How to buy the right printer for you

Printers aren't the sexiest of gadgets. We know this. But the fact remains that more and more people are choosing to print out their digital photos as well as using the things for letters, contracts and other documents. So, if you want to know how to avoid the pricey ink trap and make sure you're getting the most beautiful snaps for your frames then read on.

Rule 1: Work out how much you'll use it

This is both the hardest thing to figure out and also the most important at the same time. In fact, if you get this bit sussed, you're pretty much home already. The trouble is that it's hard thing to estimate because it's not worth paying attention to while you do it. In fact, you're most likely only going find out the answer after it's too late and you've already made your purchase. So, as dull as it might sound, if you can have a good estimate at this now, it'll save you a fair bit of money and trouble in the long run.

Rule 2: Cheaper printers have more expensive ink

You might have only paid £30 for the hardware in some sale or other but chances are that a cheap printer will cost you more in ink cartridges over time whereas replacements on a more expensive piece of kit will work out better as time goes on. So, based on the calculation of how many pages you think you'll be printing each month, you'll have some idea of how often you'll get through cartridges. Lots of brands these days say on the packaging just how many sheets they'd expect you to get out of them. Combine that with your printing frequency and you'll have some idea of how much you'd expect to pay in refills over each year. Factor in the initial cost of the machine and you'll see at what point it might be worth going for a higher spec printer.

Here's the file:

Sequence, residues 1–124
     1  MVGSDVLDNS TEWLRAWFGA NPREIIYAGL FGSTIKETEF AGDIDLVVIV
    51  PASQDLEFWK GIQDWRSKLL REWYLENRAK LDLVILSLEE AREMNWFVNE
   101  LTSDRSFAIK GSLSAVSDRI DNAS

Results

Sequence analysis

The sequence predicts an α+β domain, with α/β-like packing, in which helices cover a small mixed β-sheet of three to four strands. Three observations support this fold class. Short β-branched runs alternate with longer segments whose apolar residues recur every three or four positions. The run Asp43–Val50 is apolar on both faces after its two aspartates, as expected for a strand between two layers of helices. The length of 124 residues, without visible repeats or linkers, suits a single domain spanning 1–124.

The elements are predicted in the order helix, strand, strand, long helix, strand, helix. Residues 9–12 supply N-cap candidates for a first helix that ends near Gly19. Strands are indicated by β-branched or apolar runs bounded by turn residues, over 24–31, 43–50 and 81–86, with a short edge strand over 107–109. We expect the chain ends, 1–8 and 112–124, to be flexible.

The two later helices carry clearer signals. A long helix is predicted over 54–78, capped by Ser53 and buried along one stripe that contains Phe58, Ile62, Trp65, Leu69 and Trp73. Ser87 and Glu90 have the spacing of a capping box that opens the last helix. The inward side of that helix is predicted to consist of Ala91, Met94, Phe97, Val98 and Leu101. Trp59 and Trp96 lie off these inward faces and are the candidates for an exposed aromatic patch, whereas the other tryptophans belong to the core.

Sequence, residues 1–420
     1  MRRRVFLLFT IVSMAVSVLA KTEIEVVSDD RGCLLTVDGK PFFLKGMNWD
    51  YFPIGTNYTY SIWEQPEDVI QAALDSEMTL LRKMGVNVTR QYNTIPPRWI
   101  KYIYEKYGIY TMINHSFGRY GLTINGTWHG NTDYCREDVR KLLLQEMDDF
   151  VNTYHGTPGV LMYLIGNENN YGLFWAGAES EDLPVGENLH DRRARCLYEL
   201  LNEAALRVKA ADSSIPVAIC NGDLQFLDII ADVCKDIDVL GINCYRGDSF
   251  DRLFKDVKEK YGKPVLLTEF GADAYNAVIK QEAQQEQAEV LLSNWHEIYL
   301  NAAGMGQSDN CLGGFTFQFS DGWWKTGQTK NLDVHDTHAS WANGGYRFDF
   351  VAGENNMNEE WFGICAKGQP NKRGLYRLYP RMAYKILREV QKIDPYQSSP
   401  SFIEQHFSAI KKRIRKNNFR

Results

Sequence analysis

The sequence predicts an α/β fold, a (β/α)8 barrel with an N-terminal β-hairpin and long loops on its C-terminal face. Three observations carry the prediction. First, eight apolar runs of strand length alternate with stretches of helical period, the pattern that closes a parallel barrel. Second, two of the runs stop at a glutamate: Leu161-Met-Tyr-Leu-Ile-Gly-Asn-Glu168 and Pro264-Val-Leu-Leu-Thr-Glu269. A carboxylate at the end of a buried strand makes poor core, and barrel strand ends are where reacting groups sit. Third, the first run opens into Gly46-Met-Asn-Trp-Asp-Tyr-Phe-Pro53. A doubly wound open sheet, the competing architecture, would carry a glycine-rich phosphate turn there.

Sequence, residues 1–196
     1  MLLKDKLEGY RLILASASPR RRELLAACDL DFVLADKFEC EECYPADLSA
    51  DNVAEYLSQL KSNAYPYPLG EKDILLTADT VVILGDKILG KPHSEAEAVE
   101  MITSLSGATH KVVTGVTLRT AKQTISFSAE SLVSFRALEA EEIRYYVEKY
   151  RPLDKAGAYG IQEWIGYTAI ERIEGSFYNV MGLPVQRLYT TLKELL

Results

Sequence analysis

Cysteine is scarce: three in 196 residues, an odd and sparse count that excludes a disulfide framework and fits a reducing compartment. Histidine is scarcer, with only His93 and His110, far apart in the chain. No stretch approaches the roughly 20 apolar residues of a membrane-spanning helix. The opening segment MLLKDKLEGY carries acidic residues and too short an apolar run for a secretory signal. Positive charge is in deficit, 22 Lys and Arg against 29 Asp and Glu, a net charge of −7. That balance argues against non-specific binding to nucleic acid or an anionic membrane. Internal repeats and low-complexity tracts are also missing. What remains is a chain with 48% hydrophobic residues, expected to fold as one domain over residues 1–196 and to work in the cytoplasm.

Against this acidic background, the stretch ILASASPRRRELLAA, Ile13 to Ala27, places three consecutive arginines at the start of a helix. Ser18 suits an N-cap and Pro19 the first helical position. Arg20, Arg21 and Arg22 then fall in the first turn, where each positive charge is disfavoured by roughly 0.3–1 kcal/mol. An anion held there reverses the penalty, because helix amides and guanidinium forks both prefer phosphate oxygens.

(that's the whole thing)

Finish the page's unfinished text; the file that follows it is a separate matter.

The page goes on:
Rule 3: How long do you intend to keep your printer for?

The majority of printers these days - certainly those towards the bottom end of the market - are actually quite future proof as far as performance goes. The reason is that most of the important technology is in the cartridges which house the print heads themselves. So, each time you change the ink, you're effectively buying whatever new printing upgrade the manufacturer has been working on even if your machine is three years out of date. The exception here is that some printers have permanent or semi-permanent heads - that is to say that to some degree the print head technology is in-built, so bear in mind that these other machines might not last quite so long. On the plus side, their ink replacement is considerably cheaper, so they're an excellent option for those who can't stomach the cartridge game.

Rule 4: Lasers are not necessarily the best

Most home user probably would opt for an ink jet anyway but even if you really want to spend some cash or you're a small business trying to make the right choice, don't just presume that you'll get more for your money with a laser printer. The major advantage of them is that they're fast but if you only print a couple of sheets at a time then remember that a laser printer will have to warm-up first before it goes into action. They've got significant;y quicker at this over the years but many ink jets will beat the less high tech laser models over a page or two. On the other hand, if you're going to be calling for 20 sheets at a time, then a laser's probably the right call.

Another issue is that lasers won't necessarily offer more accurate colours over all parts of the spectrum as a high end ink jet might. So, if printing photos is the reason for your purchase then make sure to read the reviews carefully if you really are sold on the idea of these bigger, faster machines. On the cartridge side, you won't have to shell out for a new one quite so often but you will be looking at a fair old wedge when you do. Quite a good compromise if you're unsure of which type to go for are often the prosumer type ink jet machines often referred to with names like office jet and such. They're generally quicker and more economic with the ink provided you use them on a regular basis.